The Beginning of the Middle Ages in the Balkans
By Florin Curta
Millennium, Vol. 10 (2013)
Abstract: The recent understanding of the transition from Antiquity to the early Middle Ages is based on the model of the “transformation of the Roman world,” established in the 1990s through a five-year research program funded by the European Science Foundation. The model, however, has never been tested on the Balkans, despite the importance of that region for the beginning of the Middle Ages in Europe.
The article deals with the “short seventh century” between 620 (the date of Emperor Heraclius’ withdrawal of the Roman armies) and 680 (the date of the Bulgar migration into the northeastern Balkans). On the basis of recent progress in numismatic research, as well as in the study of so-called “Byzantine” belt buckles, the article explores the evidence of building and rebuilding in ancient cities, coins and hoards, rural settlements, and burials (either isolated or in cemeteries) discovered in the Balkan region, which could be dated between 620 and 680. The archaeological evidence is incontrovertible: during the seventh century, the Balkans, especially the central and northern areas seem to have experienced something of a demographic collapse, with large tracts of land left without any inhabitants. The first open, rural settlements in the Balkans in more than 150 years appeared in the north, along the valley of the river Danube, and were most likely in the borderlands of the Avar qaganate and its sphere of influence.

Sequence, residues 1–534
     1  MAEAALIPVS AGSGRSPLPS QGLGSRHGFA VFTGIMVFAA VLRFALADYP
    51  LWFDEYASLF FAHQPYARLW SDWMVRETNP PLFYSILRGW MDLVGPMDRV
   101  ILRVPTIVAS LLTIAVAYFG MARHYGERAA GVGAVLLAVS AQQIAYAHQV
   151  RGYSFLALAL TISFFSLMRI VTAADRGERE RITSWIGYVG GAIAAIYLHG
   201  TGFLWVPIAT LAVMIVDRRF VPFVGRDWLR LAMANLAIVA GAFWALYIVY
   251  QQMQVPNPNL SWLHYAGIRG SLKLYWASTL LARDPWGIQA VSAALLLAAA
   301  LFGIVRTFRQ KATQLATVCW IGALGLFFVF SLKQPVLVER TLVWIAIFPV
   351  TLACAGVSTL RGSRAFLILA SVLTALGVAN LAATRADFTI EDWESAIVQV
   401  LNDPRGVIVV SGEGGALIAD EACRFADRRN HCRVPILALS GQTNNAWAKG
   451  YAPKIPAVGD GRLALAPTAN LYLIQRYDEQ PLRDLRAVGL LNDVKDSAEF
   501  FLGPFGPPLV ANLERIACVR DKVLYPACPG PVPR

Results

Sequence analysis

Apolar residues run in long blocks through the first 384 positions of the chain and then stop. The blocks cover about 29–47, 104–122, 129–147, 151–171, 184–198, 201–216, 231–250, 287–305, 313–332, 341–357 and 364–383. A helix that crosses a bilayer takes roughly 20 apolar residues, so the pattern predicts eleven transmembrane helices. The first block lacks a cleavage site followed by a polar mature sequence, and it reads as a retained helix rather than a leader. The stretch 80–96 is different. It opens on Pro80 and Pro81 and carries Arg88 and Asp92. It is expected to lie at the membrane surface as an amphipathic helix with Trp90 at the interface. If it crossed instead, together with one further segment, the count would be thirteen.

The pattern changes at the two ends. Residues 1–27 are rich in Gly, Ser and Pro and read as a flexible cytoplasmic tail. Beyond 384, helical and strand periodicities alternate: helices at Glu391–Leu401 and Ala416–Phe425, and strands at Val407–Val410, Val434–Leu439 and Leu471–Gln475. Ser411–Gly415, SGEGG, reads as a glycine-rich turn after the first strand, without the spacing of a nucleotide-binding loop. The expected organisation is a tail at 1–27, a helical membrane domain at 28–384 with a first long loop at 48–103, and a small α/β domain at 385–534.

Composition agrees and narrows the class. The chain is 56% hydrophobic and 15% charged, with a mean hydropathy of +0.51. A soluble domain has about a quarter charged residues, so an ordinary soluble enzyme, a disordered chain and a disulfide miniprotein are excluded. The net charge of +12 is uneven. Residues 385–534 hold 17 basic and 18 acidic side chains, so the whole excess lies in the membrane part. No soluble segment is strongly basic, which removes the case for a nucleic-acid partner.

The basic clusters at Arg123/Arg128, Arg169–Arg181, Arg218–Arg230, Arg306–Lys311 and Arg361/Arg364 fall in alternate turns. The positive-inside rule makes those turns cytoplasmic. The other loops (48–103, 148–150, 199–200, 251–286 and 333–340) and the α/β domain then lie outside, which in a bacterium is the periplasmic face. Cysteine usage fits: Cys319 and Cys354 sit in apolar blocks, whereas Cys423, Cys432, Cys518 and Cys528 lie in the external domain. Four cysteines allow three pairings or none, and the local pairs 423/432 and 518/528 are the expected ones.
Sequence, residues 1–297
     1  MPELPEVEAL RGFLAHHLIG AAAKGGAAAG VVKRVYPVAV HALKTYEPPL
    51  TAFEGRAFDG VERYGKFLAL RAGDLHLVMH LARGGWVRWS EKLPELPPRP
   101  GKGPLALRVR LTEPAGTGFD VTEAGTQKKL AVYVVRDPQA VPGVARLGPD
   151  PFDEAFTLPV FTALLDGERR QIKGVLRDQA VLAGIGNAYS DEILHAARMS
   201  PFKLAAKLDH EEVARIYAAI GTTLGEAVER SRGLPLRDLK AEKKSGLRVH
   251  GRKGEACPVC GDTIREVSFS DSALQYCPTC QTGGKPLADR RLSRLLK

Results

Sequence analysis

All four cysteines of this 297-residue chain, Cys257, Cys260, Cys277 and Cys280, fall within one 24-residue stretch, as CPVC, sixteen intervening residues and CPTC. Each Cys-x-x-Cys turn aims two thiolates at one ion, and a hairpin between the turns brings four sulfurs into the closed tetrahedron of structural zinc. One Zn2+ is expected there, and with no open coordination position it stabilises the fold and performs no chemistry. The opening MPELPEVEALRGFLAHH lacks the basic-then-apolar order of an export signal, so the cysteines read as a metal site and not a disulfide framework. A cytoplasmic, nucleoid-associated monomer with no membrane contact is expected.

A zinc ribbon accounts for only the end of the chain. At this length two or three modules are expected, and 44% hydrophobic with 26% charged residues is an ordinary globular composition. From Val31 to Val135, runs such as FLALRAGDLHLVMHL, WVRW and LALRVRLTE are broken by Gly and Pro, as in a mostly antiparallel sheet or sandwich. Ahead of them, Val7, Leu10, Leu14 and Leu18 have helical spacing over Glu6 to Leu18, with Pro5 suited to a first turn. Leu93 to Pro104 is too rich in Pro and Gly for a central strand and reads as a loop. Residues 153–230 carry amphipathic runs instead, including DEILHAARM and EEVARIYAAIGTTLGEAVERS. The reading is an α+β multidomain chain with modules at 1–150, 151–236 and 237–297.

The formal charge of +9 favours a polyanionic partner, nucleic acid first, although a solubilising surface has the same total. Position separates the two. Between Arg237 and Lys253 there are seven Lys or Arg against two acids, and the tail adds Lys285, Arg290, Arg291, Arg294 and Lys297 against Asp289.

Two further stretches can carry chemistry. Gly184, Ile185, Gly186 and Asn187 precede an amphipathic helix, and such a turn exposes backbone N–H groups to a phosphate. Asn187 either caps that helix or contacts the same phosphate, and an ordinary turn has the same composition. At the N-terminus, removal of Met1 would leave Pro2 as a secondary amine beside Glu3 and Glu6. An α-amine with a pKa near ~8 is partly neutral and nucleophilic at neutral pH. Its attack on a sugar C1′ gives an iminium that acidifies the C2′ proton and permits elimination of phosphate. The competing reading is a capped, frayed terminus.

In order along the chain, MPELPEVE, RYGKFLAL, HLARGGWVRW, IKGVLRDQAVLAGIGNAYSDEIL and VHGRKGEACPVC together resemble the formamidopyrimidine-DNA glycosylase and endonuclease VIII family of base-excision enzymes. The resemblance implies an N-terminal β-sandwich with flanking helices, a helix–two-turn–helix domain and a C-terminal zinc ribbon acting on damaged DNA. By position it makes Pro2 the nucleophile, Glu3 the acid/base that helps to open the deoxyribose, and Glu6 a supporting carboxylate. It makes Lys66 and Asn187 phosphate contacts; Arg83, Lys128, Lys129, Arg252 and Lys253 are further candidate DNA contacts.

The evidence of cemeteries indicate significant clusters of population in the western Balkans—Greece, northern and central Albania, and Istria. Although next to nothing is known about the associated settlements, many isolated burials and cemeteries were associated with ruins of old basilicas, which suggest that those were Christian communities.
Top Image: 1720 map of the Balkans by Peter Schenk